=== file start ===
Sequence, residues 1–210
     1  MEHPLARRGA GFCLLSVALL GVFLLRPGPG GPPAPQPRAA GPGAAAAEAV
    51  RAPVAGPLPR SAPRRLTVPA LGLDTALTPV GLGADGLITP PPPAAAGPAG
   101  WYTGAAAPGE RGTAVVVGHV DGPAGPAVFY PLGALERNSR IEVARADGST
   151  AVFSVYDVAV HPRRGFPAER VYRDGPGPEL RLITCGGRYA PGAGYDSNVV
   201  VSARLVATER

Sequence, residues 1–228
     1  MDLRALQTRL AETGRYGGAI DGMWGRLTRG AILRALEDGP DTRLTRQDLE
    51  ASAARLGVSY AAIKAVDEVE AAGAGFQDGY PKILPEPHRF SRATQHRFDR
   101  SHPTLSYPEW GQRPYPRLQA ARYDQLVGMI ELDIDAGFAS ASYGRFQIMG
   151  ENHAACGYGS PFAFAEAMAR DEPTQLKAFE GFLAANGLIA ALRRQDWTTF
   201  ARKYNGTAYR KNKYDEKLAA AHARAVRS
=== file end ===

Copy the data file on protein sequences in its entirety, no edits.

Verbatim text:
Sequence, residues 1–210
     1  MEHPLARRGA GFCLLSVALL GVFLLRPGPG GPPAPQPRAA GPGAAAAEAV
    51  RAPVAGPLPR SAPRRLTVPA LGLDTALTPV GLGADGLITP PPPAAAGPAG
   101  WYTGAAAPGE RGTAVVVGHV DGPAGPAVFY PLGALERNSR IEVARADGST
   151  AVFSVYDVAV HPRRGFPAER VYRDGPGPEL RLITCGGRYA PGAGYDSNVV
   201  VSARLVATER

Sequence, residues 1–228
     1  MDLRALQTRL AETGRYGGAI DGMWGRLTRG AILRALEDGP DTRLTRQDLE
    51  ASAARLGVSY AAIKAVDEVE AAGAGFQDGY PKILPEPHRF SRATQHRFDR
   101  SHPTLSYPEW GQRPYPRLQA ARYDQLVGMI ELDIDAGFAS ASYGRFQIMG
   151  ENHAACGYGS PFAFAEAMAR DEPTQLKAFE GFLAANGLIA ALRRQDWTTF
   201  ARKYNGTAYR KNKYDEKLAA AHARAVRS